CHARLESTON — West Virginia Attorney General Patrick Morrisey has announced he joined 32 other states and the District of Columbia in objecting to RadioShack’s plan to sell customers’ personal, private information as part of its bankruptcy proceedings.
On March 20, the Texas Attorney General’s Office filed a limited objection in U.S. Bankruptcy Court to RadioShack’s plan to sell personally identifiable information of 117 million customers. Since then, numerous other states have sent letters supporting Texas’ objection. Additionally, Oregon, Pennsylvania, and Tennessee filed separate objections.
“Customers were told when providing information, such as their names, email addresses, and telephone numbers, that the data would never be sold,” Attorney General Morrisey said. “We believe companies should abide by the promises they make to consumers, including the promise to not divulge or sell personal information.”
In a letter to the Texas Attorney General’s Office, Morrisey said RadioShack’s desire to sell customer data runs counter to the company’s privacy policies and would violate the West Virginia Consumer Credit and Protection Act’s provisions against unfair or deceptive acts.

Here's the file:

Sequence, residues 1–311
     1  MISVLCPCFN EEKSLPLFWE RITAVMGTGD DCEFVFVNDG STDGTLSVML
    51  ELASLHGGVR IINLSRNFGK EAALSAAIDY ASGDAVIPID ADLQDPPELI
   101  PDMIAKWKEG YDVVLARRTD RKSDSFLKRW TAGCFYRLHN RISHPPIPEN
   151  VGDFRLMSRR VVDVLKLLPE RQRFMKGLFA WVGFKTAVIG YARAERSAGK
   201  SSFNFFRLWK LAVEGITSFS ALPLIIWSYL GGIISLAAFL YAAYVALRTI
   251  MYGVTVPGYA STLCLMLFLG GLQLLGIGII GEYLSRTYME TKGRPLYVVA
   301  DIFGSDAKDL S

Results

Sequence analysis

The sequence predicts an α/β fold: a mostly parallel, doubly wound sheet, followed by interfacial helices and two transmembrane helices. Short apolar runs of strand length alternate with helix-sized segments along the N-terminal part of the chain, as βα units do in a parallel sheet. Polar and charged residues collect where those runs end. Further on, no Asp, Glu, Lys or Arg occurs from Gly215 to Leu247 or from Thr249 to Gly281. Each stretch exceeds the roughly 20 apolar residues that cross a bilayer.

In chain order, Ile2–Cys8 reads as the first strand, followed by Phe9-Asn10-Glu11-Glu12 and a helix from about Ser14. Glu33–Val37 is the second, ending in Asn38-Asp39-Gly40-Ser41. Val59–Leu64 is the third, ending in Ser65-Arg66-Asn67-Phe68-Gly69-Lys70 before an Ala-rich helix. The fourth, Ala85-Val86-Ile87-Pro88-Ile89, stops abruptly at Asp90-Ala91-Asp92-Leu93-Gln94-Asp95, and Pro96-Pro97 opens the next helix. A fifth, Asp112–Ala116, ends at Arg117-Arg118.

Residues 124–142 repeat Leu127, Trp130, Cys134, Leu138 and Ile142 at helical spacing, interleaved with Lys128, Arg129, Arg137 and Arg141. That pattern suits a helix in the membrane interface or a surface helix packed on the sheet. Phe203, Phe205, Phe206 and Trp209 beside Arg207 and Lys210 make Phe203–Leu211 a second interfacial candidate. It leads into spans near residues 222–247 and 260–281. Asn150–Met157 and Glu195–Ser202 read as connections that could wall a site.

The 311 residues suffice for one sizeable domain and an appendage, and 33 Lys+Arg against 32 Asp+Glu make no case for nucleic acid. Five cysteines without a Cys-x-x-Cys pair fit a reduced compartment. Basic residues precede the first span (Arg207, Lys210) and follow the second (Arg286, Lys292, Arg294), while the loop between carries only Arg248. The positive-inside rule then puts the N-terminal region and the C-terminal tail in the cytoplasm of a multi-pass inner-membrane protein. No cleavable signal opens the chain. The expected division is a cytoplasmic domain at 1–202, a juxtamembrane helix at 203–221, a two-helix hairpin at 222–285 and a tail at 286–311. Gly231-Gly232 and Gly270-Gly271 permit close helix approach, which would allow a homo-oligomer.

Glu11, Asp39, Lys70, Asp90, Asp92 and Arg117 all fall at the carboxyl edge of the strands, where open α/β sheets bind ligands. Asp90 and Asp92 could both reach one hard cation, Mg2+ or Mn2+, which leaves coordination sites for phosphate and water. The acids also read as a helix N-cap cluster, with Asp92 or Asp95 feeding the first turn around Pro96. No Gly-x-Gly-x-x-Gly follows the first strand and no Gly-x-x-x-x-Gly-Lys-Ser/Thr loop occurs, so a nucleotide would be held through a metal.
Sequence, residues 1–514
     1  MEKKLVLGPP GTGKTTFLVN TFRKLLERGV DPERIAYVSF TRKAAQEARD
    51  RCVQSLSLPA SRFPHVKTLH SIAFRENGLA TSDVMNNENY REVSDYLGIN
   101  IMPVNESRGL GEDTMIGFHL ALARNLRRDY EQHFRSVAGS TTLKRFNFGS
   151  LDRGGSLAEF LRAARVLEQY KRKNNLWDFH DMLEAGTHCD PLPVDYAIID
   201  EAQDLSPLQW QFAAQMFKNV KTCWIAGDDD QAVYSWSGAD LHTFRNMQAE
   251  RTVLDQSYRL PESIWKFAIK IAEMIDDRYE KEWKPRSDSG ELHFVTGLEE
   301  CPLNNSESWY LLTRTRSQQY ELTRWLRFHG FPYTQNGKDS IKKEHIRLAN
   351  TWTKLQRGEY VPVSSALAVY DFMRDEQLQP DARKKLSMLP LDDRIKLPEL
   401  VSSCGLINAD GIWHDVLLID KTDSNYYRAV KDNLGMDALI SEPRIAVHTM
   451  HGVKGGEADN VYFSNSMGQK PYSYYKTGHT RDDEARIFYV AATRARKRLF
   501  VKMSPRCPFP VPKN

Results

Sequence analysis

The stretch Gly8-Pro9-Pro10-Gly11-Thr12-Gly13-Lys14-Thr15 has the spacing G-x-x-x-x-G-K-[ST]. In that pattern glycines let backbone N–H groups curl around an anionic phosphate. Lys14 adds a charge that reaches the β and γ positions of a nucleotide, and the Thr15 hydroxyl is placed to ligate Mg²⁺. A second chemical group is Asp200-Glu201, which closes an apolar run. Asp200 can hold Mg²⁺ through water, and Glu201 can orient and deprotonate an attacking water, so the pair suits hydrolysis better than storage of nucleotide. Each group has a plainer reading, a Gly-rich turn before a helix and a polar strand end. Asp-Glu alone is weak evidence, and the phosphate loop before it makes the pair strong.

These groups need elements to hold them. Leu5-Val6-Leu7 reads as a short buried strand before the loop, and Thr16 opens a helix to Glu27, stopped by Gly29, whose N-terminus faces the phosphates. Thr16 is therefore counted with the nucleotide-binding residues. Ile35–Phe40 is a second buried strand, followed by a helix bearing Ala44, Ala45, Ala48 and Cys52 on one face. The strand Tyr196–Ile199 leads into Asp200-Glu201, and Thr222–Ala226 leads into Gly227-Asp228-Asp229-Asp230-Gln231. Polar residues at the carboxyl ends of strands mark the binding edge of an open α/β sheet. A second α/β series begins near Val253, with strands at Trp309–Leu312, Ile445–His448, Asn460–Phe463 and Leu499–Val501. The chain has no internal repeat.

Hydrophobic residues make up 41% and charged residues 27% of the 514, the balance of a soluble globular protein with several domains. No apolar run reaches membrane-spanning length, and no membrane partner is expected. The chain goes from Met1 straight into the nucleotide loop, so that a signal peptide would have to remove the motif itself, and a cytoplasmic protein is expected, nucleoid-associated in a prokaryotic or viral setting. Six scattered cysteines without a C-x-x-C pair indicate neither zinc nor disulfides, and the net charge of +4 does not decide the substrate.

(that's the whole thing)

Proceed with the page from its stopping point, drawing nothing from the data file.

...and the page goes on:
RadioShack has 27 stores in West Virginia, according to its corporate website.
West Virginia joins Arizona, Arkansas, Colorado, Connecticut, the District of Columbia, Florida, Hawaii, Idaho, Illinois, Indiana, Iowa, Kentucky, Maine, Maryland, Massachusetts, Minnesota, Mississippi, Montana, Nebraska, Nevada, North Carolina, North Dakota, Ohio, Oklahoma, Oregon, Pennsylvania, Rhode Island, South Carolina, Tennessee, Texas, Virginia, Washington, and Wisconsin in voicing opposition to the sale.